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tatsujin
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Joined: 12 Oct 2021
Posts: 32

Styles: Ryusei-ha Ryukyu Kempo Karate-jutsu

PostPosted: Tue Oct 12, 2021 2:54 pm    Post subject: Why no codified kiko system in Okinawa? Reply with quote

So, I am working on a little project and maybe some of you more experienced folks here could offer up some opinions or thoughts...

With the heavy influence of Southern Chinese quanfa on Okinawan martial arts, why do you think it is that there is no codified system of kiko (qigong)? With all of the Okinawans that went to Southern China (and Gokenki that came to Okinawa...with others), they had to have been exposed to it. Pretty much every quanfa style does some form of qigoing.

Sure, Sanchin and Tensho could be considered kiko in nature, but it is very much a hard "golden bell" or "iron body" in nature. And not much of a codified system.

Thoughts?
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bushido_man96
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PostPosted: Tue Oct 12, 2021 8:47 pm    Post subject: Reply with quote

Could it be that it wasn't actually a part of the system, but more of a cultural aspect that perhaps Okinawan masters at the time weren't interested in learning?
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Wado Heretic
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Joined: 23 May 2014
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Location: United Kingdom, England, Shropshire
Styles: Wado-Ryu , Kobayashi Shorin-Ryu (Kodokan), RyuKyu Kobojutsu

PostPosted: Wed Oct 13, 2021 10:41 am    Post subject: Reply with quote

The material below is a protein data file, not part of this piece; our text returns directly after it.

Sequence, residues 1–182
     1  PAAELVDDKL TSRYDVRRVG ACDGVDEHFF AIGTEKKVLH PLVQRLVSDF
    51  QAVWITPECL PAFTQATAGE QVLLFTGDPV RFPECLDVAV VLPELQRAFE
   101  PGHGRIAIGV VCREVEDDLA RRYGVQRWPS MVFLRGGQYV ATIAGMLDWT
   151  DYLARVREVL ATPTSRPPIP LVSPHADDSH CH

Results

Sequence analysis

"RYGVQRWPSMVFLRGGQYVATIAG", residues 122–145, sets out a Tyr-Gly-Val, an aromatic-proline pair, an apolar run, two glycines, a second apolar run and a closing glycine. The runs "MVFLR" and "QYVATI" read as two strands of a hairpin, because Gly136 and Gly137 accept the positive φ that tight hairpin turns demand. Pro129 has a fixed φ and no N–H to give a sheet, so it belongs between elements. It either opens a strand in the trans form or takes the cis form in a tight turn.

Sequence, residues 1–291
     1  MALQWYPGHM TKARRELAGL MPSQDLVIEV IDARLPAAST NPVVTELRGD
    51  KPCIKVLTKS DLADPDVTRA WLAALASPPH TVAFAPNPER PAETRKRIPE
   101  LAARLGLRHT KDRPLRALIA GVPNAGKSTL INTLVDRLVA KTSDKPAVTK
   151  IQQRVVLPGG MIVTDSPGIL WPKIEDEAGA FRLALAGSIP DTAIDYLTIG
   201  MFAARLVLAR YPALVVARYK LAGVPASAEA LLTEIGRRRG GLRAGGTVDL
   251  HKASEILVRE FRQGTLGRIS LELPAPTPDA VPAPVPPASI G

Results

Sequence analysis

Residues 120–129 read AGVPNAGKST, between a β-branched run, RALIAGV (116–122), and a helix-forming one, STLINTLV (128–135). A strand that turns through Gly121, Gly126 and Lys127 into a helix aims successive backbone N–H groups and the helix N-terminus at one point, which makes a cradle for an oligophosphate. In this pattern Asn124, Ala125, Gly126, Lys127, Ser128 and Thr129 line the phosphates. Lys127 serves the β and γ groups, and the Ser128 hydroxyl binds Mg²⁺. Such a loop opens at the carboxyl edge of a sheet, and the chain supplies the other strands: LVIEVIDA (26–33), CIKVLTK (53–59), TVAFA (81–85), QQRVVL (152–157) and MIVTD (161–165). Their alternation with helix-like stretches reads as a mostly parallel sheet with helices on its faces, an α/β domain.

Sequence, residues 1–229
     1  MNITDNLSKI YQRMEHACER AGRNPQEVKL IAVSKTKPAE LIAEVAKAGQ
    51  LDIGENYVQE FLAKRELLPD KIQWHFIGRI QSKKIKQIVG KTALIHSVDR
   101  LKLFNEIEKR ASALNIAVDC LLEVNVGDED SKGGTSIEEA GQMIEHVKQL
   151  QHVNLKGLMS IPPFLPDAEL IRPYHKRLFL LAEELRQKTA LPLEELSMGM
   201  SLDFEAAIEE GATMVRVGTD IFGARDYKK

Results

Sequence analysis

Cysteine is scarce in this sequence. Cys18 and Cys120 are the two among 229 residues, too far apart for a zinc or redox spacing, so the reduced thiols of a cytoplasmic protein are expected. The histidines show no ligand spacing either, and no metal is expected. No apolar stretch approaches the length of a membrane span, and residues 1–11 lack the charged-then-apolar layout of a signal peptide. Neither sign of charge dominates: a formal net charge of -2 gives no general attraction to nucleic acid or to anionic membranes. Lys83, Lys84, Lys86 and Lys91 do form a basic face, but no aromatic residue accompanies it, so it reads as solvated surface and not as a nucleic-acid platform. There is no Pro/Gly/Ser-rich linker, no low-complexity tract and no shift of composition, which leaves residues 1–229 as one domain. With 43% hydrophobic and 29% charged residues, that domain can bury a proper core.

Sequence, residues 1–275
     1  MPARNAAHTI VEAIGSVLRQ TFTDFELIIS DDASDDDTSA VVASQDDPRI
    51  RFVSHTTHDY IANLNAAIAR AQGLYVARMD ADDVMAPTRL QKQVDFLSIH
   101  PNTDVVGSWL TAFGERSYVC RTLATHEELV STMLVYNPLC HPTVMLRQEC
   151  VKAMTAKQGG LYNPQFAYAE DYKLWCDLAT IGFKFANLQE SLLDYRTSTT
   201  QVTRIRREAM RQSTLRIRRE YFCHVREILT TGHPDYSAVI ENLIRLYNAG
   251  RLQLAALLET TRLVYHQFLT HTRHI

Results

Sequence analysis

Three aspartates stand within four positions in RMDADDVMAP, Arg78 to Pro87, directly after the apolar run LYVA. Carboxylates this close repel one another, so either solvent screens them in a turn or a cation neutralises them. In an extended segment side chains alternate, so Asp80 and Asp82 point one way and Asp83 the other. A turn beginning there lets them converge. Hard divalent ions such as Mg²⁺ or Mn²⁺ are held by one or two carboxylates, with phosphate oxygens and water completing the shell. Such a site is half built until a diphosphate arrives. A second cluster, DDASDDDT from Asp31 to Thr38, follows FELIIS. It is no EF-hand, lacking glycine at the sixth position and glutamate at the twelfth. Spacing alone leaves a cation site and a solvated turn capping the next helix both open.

It is important to remember that Modern Chinese Arts are as different from their historical counterparts as Karate has become from its historical predecessor. Furthermore, Qigong is often a health activity rather than martial activity far more similar to Yoga than to Quen'fa.

The breathing exercises the Okinawans considered important to retain are, as you yourself have mentioned, found in Sanchingeiko. From a martial perspective that is where you find the Kiko the Okinwans felt was important.

Similarly, the Okinawans innovated as much, if not more so, than they borrowed from the Chinese Arts. We find only a few one-to-one examples from an Okinawan Art to a Chinese Art. The example of Seisan that Jesse Enkamp covered from his exploration of White Crane springs to mind as an exception to the rule.

We also need to keep in mind the Pacific War. A lot of Okinawans died during the Battle for Okinawa, and during the difficulties of its aftermath. A lot of knowledge was lost and examples of codified Kiko that might have existed may have gone extinct. In this case I would have to argue that absence of evidence is not evidence of absence.

Also, a lot of the Chinese Martial Arts influences on Okinawa come very specifically from Fujian Province. The arts that first formulated their Qigong systems: Tachiquan, Xing Yi Quan, and Baguazhang were in different parts of China and unlikely to have influenced Tode as it came to exist in the 1800s.